All the earphones I have reviewed fall into two design philosophies: dynamic speaker (looks very much like a tiny speaker) and armature (the same technology used in professional hearing aids). There are advantages and disadvantages to both but the word “unique” seldom comes to mind with either type. I had been reading about the ClarityOne Earphones from PureSound Technologies and became interested. A lot of hype has been built up, and I wanted to see if PureSound really were as unique as claimed.
The people responsible for the ClarityOnes are not humble about their product. Their website touts a 12-years-in-the-making product complete with tech-talk and charts. They also claim to have 6 patents with more coming. The focus of the ClarityOne earphone is what they call The PureSound Processor. What exactly is it? Here’s PureSound’s description:
The PureSound Processor is not a crossover, it is a coupling unit. Unlike traditional crossovers, PureSound Processor’s patented technology cancels out the Counter EMF and at the same time provides a two way magnetic brake on the voice coil which “couple” it to the amplifier, therefore allowing it to operate freely with no added distortions allowing for pure sound to enter the system (at Crossover) and pure sound to exit (to the speaker).
That description is followed by talk about the Lenz Law, phase mismatching, low impedance, and amplifier heat build-up. Yeah, I don’t understand much of it either. Let’s just say that the ClarityOnes don’t reproduce your music like other earphones do and we’ll leave it at that. If you are interested in all the tech behind the ClarityOnes, you can read it here. It is interesting that PureSound exhibits this much information for an affordable earphone. Usually this kind of detail is only available for über expensive headphones.
Visually, the ClarityOnes don’t look all that different from other earphones in their price range. They come in one color only, a light, warm-tinted metallic brown/black combined with a slightly aqua metallic trim. The housing is a lightweight aluminum with a cord that hangs down, which exhibits microphonics – the sound that gets transmitted to your ear when rubbing or tapping the cord. It can be distracting to people new to earphones, but I’ve gotten used to it. The cord has a friction-free coating that’s advertised as anti-tangle. While it doesn’t prevent tangles, it comes in handy when you have to untangle them. There are three sizes of silicone tips, which seems a little skimpy considering the price. I would have preferred some flanged and foam tips to choose from.
A black, zippered carrying case comes standard. It is soft-lined, with a woven hard shell, with an attached carabiner to click on a belt loop or backpack. Mobile users will appreciate the included touch sensitive mic/control, so you can easily make and receive calls while listening to music.
There is one surprising omission from the ClarityOnes. The sound tube is completely unprotected by a screen or filter. This may improve audio quality, but it also means that you have to be extra careful with earwax and other gunk that can clog the earphones.
I have listened to the ClarityOnes for over a month now, and I enjoy them quite a bit. The sound signature is somewhere between the accuracy of armature earphones and the warmth of the dynamic speaker type. You might think that this would be the best of both worlds, but it’s not always true.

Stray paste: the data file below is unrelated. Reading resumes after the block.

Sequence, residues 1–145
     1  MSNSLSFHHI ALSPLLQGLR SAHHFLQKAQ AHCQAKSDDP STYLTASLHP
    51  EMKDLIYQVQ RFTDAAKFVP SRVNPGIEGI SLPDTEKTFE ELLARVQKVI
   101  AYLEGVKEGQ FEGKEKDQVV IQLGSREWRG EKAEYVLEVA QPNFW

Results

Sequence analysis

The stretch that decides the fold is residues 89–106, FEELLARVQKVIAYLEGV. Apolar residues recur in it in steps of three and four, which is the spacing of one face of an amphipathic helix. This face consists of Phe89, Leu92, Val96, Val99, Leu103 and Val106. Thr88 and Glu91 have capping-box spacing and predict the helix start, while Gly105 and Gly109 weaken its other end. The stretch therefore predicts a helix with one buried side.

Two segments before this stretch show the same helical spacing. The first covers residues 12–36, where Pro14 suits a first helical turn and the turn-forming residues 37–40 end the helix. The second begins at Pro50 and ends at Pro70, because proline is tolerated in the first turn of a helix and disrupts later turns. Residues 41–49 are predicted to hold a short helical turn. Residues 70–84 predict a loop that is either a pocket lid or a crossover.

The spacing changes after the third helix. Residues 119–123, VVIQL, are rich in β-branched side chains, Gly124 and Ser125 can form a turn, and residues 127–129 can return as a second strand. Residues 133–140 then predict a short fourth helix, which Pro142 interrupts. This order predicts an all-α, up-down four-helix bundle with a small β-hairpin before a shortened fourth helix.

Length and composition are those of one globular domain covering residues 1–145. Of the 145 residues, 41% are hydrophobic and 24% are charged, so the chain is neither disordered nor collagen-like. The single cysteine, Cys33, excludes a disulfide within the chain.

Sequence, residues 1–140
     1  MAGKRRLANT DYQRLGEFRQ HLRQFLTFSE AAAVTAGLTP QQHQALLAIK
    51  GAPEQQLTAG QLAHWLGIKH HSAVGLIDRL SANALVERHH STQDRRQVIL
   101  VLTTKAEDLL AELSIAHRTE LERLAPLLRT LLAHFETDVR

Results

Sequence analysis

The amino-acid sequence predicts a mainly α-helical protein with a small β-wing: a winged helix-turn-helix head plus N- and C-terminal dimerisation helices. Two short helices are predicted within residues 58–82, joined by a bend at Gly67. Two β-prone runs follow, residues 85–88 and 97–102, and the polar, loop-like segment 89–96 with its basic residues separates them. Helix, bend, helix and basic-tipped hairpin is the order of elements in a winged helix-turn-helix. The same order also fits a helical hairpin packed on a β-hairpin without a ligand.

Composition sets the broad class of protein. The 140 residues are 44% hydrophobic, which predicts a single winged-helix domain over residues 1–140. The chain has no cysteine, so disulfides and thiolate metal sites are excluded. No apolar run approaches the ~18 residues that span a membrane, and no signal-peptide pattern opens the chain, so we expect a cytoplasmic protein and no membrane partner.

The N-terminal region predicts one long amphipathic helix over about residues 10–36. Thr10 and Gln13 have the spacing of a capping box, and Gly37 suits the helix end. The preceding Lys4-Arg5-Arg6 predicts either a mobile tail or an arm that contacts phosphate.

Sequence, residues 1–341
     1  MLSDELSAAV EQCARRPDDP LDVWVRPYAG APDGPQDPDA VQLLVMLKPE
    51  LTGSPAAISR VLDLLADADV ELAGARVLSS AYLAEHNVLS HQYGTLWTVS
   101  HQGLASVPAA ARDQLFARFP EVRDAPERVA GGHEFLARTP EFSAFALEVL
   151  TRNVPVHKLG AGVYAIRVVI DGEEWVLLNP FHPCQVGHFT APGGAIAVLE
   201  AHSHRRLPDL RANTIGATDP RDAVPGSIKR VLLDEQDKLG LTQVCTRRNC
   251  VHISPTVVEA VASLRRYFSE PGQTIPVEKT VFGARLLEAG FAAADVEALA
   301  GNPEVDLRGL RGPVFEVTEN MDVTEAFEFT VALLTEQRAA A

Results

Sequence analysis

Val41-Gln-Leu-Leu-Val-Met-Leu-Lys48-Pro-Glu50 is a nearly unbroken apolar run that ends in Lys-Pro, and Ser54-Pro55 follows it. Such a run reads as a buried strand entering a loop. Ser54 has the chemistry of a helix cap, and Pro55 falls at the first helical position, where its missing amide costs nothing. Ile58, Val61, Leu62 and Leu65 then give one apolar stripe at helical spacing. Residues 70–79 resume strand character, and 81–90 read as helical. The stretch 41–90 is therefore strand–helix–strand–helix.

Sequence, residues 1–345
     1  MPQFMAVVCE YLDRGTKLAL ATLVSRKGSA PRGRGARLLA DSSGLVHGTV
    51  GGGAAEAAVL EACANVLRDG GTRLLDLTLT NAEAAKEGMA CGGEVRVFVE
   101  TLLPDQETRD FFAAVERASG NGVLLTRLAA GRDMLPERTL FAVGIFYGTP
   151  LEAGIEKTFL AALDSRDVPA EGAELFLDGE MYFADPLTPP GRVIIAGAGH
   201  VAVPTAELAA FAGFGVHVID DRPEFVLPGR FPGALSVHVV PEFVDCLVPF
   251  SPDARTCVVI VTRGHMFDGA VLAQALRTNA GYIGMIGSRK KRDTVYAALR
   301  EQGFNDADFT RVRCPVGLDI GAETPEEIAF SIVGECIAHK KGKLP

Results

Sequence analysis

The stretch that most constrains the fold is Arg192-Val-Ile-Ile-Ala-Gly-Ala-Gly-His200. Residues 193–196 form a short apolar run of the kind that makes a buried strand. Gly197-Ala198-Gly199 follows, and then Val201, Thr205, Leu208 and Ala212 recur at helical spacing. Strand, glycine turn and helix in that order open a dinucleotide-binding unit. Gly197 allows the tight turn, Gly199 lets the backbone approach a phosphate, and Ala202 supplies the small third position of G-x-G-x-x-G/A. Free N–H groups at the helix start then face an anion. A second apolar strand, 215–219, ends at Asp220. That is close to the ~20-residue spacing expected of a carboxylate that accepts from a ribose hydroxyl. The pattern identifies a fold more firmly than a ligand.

Bass on the ClarityOnes is definitely present, but it’s not overpowering or even what I would call heavy. This is a big plus. The bass sounds right. However, if you prefer modern dance mixes and hip-hop, you will probably think the bass is too light and be disappointed.
The mids are more complicated. Some songs sounded positively wonderful, such as the Beatles Remasters. Pick any song from this set, and the musicality and sonics are breathtaking. However, a remaster of Glen Campbell’s “Wichita Lineman” sounds just wrong. His vocals are muffled and very flat. When I switched to other earphones, Campbell still sounded off, but not quite as bad as on the ClarityOnes. Part of the problem had to be the recording. It’s just that the ClarityOnes weren’t as forgiving as other earphones may be.
I also have issues with the treble on the ClarityOnes. Crank them up, and they can become harsh. Granted, you shouldn’t even be listening to music at extreme volumes, but some songs demand it. If a particular song is recorded a little bright, the music can take on a brittle quality, which can be unpleasant. Turn the volume down to a safer level, and the balance becomes much better.
“Run Like Hell”, from Pink Floyd’s “The Wall”, borders on disco but it has a potent kick in both Nick Mason’s drumming and Water’s snarky lyrics. There are instances where Water’s sings over himself using multi-tracking, and as one vocal fades out and another begins, there is a – dare I say it – clarity in the mix. Everything sounds pristine and heavy at the same time.
“Rakim”, a live concert recorded song from the goth group Dead Can Dance, features a sparkling dulcimer played by lead vocalist Lisa Gerrard. You can hear each individual string being struck by the hammers as Gerrard flies through her playing. This could easily have become a blurry wall of sound, but it didn’t. It sounded fresh and new, even though I’ve heard the song countless times.
If you are on a budget, have an ear for accuracy, and prefer a warm sound, PureSound Technologies ClarityOne earphones offers what usually comes from more expensive earphones. As long as you aren’t a bass head or trying to give yourself permanent hearing damage, then these may be what you have been looking for.